What is Knitted fabric?
A defect of the knitted fabric is an abnormality which spoils the aesthetics i.e. the clean & uniform appearance of the fabric & effects the performance parameters, like; dimensional stability etc.
There are various types of defects which occur in the Knitted fabrics of all types caused by a variety of reasons. The same type of defects may occur in the fabric due to a variety of different causes e.g. Drop Stitches, Spirality etc.
Category of Defects:
Yarn Related Defects:
Almost all the defects appearing in the horizontal direction in the knitted fabric are yarn related. These defects are mainly;
- Thick & Thin lines
- Dark or Light horizontal lines (due to the difference in dye pick up)
- Irregular tension on cams.Remedies:
- Replace that bobbin.
- Check cams positioning
Horizontal line in fabricBroken Needles/ Laddering
Defects caused by the broken needles show prominently as vertical lines parallel to the Wales. There are no loops formed in the Wale which has a broken needle.
- High Yarn Tension
- Bad Setting of the Yarn Feeders
- Old & Worn out Needle set
- Cylinder Grooves are too tight restricting needle movement
- Breakage of hook or butt in needle.
- Ensure uniform & the right Yarn tension on all the feeders.
- Keep the recommended gap between the Yarn Feeders & the Needles.
- Periodically change the complete set of needles.
- Remove fly or blockage from groove.
- Replace defective needle.
Sinker lines are prominent or feeble vertical lines appearing parallel to the Wales along the length of the knitted fabric tube.
- Bent or Worn out Sinkers
- Sinkers being tight in the Sinker Ring grooves
- Replace all the worn out or bent sinkers causing Sinker lines in the fabric.
- Sinker lines are very fine & feeble vertical lines appearing in the fabric.
- Remove the fibers clogging the Sinker tricks (Groove
Oil lines are prominent vertical lines which appear along the length of the knitted fabric tube. The lines become permanent if the needle oil used is not washable & gets baked due to the heat during the finishing of the fabric.
- Fibers & fluff accumulated in the needle tricks which remain soaked with oil.
- Excessive oiling of the needle beds.
- Fibers accumulated in the needle tricks cause the oil to seep into the Fabric.
- Some lubricating oils are not washable & can not be removed during Scouring.
- Remove all the Needles & the Sinkers of the machine periodically.
- Clean the grooves of the Cylinder & Dial of the machine thoroughly with petrol.
- Blow the grooves of the Cylinder Dial & Sinker ring with dry air after cleaning.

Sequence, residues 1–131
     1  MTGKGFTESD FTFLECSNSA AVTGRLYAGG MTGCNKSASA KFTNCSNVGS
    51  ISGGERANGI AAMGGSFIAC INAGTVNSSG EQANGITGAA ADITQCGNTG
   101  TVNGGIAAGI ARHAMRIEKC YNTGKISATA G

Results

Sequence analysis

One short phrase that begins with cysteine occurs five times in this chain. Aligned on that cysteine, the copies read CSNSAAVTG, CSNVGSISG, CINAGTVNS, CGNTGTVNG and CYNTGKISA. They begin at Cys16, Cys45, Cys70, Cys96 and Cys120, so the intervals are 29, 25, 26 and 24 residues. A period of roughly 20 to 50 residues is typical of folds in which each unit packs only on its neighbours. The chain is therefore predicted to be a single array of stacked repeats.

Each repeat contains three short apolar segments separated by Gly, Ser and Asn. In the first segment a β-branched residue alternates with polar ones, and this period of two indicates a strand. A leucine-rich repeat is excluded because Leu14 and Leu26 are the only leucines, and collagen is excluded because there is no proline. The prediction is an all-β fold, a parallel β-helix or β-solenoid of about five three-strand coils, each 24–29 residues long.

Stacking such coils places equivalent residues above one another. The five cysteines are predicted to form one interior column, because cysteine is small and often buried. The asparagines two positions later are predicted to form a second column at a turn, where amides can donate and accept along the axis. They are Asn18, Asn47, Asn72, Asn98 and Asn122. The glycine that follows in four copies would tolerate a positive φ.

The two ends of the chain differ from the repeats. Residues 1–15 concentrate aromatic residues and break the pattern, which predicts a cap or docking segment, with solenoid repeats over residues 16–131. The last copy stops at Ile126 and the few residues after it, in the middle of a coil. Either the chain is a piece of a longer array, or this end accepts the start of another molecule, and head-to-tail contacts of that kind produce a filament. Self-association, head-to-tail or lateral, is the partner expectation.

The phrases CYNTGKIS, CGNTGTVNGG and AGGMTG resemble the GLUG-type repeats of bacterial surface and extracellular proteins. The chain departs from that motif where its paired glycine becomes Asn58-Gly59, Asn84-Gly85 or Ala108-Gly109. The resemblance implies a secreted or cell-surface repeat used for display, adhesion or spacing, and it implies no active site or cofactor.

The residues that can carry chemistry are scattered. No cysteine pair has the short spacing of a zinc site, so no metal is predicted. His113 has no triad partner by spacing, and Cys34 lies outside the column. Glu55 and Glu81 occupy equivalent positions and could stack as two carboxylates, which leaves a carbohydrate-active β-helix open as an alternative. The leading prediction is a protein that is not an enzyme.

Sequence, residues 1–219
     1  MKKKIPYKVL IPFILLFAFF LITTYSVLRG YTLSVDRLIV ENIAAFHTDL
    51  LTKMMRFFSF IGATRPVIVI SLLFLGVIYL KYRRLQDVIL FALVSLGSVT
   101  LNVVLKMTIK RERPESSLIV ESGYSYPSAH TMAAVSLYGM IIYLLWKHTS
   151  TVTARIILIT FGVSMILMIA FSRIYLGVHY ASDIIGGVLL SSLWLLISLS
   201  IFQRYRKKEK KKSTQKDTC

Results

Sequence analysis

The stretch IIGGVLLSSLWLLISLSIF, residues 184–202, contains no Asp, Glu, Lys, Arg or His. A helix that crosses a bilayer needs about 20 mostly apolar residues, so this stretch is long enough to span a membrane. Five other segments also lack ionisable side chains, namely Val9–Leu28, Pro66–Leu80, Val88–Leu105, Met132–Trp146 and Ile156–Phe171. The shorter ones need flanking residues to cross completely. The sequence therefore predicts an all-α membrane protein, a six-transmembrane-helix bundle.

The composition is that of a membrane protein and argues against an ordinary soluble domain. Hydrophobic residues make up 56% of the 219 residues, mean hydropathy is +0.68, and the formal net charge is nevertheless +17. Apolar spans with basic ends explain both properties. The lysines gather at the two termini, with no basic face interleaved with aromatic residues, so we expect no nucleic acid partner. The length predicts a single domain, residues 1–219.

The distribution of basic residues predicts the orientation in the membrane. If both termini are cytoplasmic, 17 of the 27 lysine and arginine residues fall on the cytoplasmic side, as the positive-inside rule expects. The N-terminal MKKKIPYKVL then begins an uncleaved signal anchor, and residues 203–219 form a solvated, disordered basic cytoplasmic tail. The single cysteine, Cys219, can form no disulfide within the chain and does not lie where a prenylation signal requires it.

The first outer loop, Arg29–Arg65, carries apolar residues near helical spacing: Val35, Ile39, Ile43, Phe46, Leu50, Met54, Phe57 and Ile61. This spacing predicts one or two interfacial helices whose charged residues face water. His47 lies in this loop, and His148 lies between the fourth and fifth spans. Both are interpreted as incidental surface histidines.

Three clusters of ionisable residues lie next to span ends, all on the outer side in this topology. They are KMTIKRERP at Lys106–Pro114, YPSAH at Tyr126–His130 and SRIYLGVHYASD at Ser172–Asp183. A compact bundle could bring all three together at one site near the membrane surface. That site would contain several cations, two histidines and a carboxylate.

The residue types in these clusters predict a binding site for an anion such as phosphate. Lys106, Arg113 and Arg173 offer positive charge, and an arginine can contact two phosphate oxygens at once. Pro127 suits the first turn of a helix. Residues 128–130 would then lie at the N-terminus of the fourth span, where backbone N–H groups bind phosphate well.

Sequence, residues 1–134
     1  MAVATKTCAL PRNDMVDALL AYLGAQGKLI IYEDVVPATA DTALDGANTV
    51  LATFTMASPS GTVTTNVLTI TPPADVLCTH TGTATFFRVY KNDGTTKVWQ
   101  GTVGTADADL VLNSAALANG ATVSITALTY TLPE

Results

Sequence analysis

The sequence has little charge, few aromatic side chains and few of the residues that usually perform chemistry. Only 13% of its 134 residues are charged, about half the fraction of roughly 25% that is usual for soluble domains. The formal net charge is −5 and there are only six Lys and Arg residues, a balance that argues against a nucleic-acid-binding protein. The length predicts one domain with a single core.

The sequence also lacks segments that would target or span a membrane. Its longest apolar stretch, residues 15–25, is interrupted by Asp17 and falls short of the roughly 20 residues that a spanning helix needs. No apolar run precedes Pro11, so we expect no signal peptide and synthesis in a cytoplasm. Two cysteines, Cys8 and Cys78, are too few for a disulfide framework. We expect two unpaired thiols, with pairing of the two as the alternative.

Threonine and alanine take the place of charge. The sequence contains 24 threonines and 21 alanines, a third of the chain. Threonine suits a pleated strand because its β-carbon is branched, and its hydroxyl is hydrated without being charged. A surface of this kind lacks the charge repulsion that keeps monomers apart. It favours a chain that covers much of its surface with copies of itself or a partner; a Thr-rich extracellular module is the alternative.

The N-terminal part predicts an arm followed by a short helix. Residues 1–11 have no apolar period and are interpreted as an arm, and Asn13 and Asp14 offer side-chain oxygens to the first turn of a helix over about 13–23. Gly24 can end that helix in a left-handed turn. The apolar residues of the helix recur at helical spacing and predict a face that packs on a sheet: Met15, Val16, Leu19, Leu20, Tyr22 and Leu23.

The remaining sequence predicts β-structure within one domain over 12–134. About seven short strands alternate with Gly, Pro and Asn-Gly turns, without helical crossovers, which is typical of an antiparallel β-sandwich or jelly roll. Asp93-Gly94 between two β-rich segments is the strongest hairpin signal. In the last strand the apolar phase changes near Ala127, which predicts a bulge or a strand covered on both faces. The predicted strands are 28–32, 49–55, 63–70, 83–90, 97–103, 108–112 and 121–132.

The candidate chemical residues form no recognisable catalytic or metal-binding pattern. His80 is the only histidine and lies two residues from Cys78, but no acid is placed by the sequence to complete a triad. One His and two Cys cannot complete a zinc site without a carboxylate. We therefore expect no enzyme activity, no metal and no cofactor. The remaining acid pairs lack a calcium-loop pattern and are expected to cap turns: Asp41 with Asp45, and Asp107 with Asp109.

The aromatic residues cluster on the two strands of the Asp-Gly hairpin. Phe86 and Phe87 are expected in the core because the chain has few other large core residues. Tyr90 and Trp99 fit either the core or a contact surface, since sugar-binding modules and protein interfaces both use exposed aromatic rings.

Broken ends appear as equidistant prominent horizontal lines along the width of the fabric tube when a yarn breaks or is exhausted.
- Yarn exhausted on the Cones.
- Ensure correct yarn tension on all the feeders.
- Ensure that the Yarn detectors on all the feeders are working properly.
- Depute a skilled & alert machine operator on the knitting machine.
Fabric press off appears as a big or small hole in the fabric caused due to the interruption of the loop forming process as a result of the yarn breakage or closed needle hooks.
Press off takes place, when the yarn feeding to both the short butt & long butt needles suddenly stops due to the yarn breakage.
At times complete fabric tube can fall off the needles if the needle detectors are not functioning or are not properly set.
- End breakage on feeders with all needles knitting.
- Yarn feeder remaining in lifted up position due to which the yarn doesn’t get fed in the hooks of the needles.
- Needle detectors, should be set precisely to detect the closed needles & prevent the fabric tube from completely pressing off.
- Proper yarn tension should be maintained on all the feeders.
Surface hairiness appears in the form of excess superfluous fibers, on the surface of the knitted fabrics, which have either been reprocessed, or tumble dried.
Pilling appears as, small fiber balls formed on the fabric surface, due to the entanglement of loose surface fibers.
Factors such as, the fiber staple length, low T.P.M. & fabric construction (with long yarn floats) etc. also contribute to pilling.
- Abrasion due to the contact with rough surfaces
- Excessive surface hairiness caused, due to the abrasive tumbling action
- Fabric friction in the Tumble Dryer
- Rough Dyeing process & abrasive machine surfaces (Soft Flow Machine tubes, Tumble Dryer drum etc.)
- Reprocessing of the fabric is, also a major cause of piling.
- Avoid using the Tumble Dryer.
- Control shrinkage by maximum fabric relaxation & over feed in the processing.
- Regularly inspect the fabric contact points on all the machines, for any rough & sharp surface.
- Avoid repeated reprocessing of the fabrics.
- Use anti pilling chemical treatments for the fabrics prone to pilling.
Snagging appears on the knitted fabric surface as a pulled up yarn float showing up in the form of a large loop.
- Caused by the pulling or the plucking of yarn from the, fabric surface, by sharp objects.
- Inspect & rectify the fabric contact points on all the machines (Soft Flow Dyeing, Tumble Dryer & Centrifuge etc), on which snagging is taking place.
Bowing appears as rows of courses or yarn dyed stripes forming a bow shape along the fabric width.
- Uneven distribution of tensions across the fabric width while dyeing or finishing...